To a Bird (1888)
Bright little warbler of the air,
The world to thee, I ween, is fair;
And free thy life from shade of care
So gaily dost thou sing.
While from thy happy throat is sent
That flood of song in ravishment,
Thou shamest me without intent —
Sad mourner that I be.
To one who knows not grief nor care
I doubt me not this world is fair,
And “pretty” “pretty” everywhere
As thou dost iterate.
But birdie dear, didst thou but see
The world as it appears to me,
Then “pretty” “pretty” might not be
The burden of thy song.
But oh! could I like thee arise
And wing my way toward the skies,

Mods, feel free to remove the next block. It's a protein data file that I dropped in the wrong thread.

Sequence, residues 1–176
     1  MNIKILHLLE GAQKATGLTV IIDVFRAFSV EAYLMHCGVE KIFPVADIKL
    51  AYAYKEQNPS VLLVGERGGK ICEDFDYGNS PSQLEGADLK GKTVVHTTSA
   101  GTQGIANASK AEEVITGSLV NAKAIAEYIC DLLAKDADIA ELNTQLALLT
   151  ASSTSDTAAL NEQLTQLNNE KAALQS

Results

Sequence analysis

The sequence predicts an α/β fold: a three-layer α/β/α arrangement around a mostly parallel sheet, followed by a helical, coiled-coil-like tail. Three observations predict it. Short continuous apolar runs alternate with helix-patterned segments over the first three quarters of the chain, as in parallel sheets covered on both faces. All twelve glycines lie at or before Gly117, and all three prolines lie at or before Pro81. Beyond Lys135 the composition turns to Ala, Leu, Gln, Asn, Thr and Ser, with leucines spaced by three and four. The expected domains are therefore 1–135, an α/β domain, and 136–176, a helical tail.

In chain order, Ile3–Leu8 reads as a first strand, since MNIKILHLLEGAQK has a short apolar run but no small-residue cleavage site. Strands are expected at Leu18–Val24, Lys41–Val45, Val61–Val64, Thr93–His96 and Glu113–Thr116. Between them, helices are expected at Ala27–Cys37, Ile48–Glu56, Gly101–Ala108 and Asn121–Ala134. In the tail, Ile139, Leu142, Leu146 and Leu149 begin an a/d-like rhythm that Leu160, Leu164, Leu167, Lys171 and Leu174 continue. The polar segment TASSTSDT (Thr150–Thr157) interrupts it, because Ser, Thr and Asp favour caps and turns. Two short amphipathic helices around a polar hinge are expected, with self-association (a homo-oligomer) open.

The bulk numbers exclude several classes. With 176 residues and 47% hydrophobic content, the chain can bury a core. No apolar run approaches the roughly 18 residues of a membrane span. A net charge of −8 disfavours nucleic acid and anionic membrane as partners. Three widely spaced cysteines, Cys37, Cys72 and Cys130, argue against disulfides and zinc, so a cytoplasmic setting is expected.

Not here, 'mid human miseries,
One moment would I dwell.
But once released from bonds of clay
I'd upward soar till thy sweet lay
Did in the distance melt away
Amidst an awful space.
I'd pause not till, through shining breach,
I'd catch, in songs that seraphs teach,
Notes only angel voices reach —
Where my loved one is gone.
Ah, birdie! were it thine to know
The grief that makes my sad tears flow
Thou couldst not sweetly warble so,
Thy little heart would break.